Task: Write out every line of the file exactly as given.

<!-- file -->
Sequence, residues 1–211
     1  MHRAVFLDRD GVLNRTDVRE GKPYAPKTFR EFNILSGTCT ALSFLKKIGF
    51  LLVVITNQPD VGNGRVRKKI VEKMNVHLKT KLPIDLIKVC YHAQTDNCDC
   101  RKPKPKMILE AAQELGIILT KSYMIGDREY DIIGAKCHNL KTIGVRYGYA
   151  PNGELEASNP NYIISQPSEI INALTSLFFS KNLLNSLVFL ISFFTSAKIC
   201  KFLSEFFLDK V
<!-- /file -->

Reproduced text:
Sequence, residues 1–211
     1  MHRAVFLDRD GVLNRTDVRE GKPYAPKTFR EFNILSGTCT ALSFLKKIGF
    51  LLVVITNQPD VGNGRVRKKI VEKMNVHLKT KLPIDLIKVC YHAQTDNCDC
   101  RKPKPKMILE AAQELGIILT KSYMIGDREY DIIGAKCHNL KTIGVRYGYA
   151  PNGELEASNP NYIISQPSEI INALTSLFFS KNLLNSLVFL ISFFTSAKIC
   201  KFLSEFFLDK V